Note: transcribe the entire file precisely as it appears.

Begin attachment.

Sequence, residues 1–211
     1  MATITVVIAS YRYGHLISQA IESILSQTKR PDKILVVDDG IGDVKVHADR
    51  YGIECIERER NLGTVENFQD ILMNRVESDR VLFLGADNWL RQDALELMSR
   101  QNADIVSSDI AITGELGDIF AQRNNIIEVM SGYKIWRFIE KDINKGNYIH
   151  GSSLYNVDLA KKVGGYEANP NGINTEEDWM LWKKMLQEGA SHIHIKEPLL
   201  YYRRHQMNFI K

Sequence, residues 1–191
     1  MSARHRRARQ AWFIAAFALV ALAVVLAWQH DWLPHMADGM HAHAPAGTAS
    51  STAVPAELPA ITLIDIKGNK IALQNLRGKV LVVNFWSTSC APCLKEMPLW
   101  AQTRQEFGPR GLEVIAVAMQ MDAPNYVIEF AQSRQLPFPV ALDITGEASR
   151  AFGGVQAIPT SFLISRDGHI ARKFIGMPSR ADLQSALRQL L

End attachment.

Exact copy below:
Sequence, residues 1–211
     1  MATITVVIAS YRYGHLISQA IESILSQTKR PDKILVVDDG IGDVKVHADR
    51  YGIECIERER NLGTVENFQD ILMNRVESDR VLFLGADNWL RQDALELMSR
   101  QNADIVSSDI AITGELGDIF AQRNNIIEVM SGYKIWRFIE KDINKGNYIH
   151  GSSLYNVDLA KKVGGYEANP NGINTEEDWM LWKKMLQEGA SHIHIKEPLL
   201  YYRRHQMNFI K

Sequence, residues 1–191
     1  MSARHRRARQ AWFIAAFALV ALAVVLAWQH DWLPHMADGM HAHAPAGTAS
    51  STAVPAELPA ITLIDIKGNK IALQNLRGKV LVVNFWSTSC APCLKEMPLW
   101  AQTRQEFGPR GLEVIAVAMQ MDAPNYVIEF AQSRQLPFPV ALDITGEASR
   151  AFGGVQAIPT SFLISRDGHI ARKFIGMPSR ADLQSALRQL L